It seemingly appears out of nowhere, that pile of papers that seems too daunting to tackle. The mailman brings it directly to your door, receipts gather on the counter after traveling home with you via pockets and purses, paid and unpaid bills turn into leaning towers of paperwork. Everyone suffers from paper clutter syndrome. Here are a few ways to get organized and alleviate the condition.
The first step is to create a system for dealing with incoming mail. Most of us toss it into one big pile, mixing junk mail with important documents. This is a recipe for disasters like missing a bill payment, or not RSVP’ing to your friends’ wedding on time. Every person needs a mail station that has a place for junk mail you want (such as coupons), bills, and personal mail (if you’re lucky enough to have people in your life who take the time to compose letters). Anything else goes right into the recycling bin.
Additionally, you’ll want to have somewhere to keep all the random receipts that you’ve gathered. It’s a good idea to keep all receipts and then go through them at the end of the month. This way, if you purchased something that you thought was a keeper, only to find that you need to return it, you’ll know exactly where to look for that receipt. Eventually, you’ll want to go through the receipts and separate them into needed receipts for tax purposes, and receipts that can go into the shredder.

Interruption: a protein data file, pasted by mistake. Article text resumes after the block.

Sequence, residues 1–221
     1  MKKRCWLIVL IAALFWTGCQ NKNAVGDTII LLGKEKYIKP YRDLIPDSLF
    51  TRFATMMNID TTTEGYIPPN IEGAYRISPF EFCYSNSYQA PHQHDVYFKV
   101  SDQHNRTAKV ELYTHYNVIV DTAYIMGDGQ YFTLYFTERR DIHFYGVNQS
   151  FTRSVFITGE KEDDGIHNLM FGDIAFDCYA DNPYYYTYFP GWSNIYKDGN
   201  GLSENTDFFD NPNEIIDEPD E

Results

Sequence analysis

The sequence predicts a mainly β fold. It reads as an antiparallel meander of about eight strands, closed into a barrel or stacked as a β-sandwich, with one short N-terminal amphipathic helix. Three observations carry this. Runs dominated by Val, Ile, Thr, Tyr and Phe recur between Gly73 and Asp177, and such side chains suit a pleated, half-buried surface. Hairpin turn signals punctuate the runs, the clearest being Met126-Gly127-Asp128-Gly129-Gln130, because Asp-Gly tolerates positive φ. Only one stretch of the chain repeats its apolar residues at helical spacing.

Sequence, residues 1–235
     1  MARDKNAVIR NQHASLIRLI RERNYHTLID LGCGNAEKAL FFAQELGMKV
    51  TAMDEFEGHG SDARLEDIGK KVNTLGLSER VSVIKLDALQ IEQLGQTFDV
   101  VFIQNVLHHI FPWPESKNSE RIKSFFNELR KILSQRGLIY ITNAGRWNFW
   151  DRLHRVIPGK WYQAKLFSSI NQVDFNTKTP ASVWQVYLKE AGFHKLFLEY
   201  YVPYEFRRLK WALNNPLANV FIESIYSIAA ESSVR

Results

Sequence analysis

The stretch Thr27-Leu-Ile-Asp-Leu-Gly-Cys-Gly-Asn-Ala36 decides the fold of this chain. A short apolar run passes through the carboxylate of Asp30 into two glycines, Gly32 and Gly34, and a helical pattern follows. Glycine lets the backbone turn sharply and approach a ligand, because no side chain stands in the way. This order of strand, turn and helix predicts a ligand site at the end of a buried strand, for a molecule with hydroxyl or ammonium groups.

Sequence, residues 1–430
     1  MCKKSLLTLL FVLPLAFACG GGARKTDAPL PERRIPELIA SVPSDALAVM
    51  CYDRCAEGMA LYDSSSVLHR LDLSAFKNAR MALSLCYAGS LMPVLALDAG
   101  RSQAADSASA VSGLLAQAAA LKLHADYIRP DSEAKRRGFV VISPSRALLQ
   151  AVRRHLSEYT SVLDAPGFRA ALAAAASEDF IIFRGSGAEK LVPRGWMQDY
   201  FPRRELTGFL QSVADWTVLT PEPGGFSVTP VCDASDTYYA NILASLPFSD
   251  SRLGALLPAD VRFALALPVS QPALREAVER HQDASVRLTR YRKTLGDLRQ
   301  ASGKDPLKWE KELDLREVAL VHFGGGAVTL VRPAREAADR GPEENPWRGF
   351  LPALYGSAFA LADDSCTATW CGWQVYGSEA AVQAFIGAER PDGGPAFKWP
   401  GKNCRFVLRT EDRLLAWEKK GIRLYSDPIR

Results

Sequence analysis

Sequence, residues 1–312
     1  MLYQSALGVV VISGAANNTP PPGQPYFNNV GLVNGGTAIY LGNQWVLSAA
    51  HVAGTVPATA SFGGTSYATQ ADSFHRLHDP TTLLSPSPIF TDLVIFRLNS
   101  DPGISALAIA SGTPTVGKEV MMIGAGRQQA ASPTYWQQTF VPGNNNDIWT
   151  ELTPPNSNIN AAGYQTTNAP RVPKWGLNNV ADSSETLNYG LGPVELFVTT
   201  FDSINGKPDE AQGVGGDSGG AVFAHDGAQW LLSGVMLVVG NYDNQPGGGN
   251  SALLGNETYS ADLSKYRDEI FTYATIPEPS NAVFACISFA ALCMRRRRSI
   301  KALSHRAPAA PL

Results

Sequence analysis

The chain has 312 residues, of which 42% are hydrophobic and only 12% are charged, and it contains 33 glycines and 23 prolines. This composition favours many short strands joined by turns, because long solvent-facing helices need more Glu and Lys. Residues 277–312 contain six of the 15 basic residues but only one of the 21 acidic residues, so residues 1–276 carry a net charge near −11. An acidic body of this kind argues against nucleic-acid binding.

This brings us to the next important player in remedying paper clutter…the shredder. It seems like such an unnecessary piece of machinery, but once you have one, you’ll realize how much of your personal information went right out your door via the garbage. In this day and age where information is gold to thieves, you want to make sure that you shred every credit card application that has your name on it, and all personal documents that you no longer need.
A filing system is next. You’ll want to have a file for every important element of your life. Homeowners Insurance, Health Insurance, Auto Insurance, Utility bills, Home Improvement Receipts, etc. Whatever kind of paperwork that you encounter on a daily, weekly or monthly basis should have its own folder. But you cannot just keep the folders in a pile! A file cabinet is great for those papers that you only need to access once in a while. A desktop file holder is a great solution for containing files of projects that you’re currently working on or need access to daily.
Once you’ve implemented all of these techniques, you’ll then want to consider clearing out your file cabinet every year at tax time and placing those papers into your self storage container at The Lock Up. Keep all records for at least 7 years at which point you can then discard them (being sure to shred all documents with sensitive info!).
We hope these tips help you in conquering your paper clutter syndrome!
Visit www.thelockup.com to secure a self storage unit for all your old paperwork that you need to hold onto.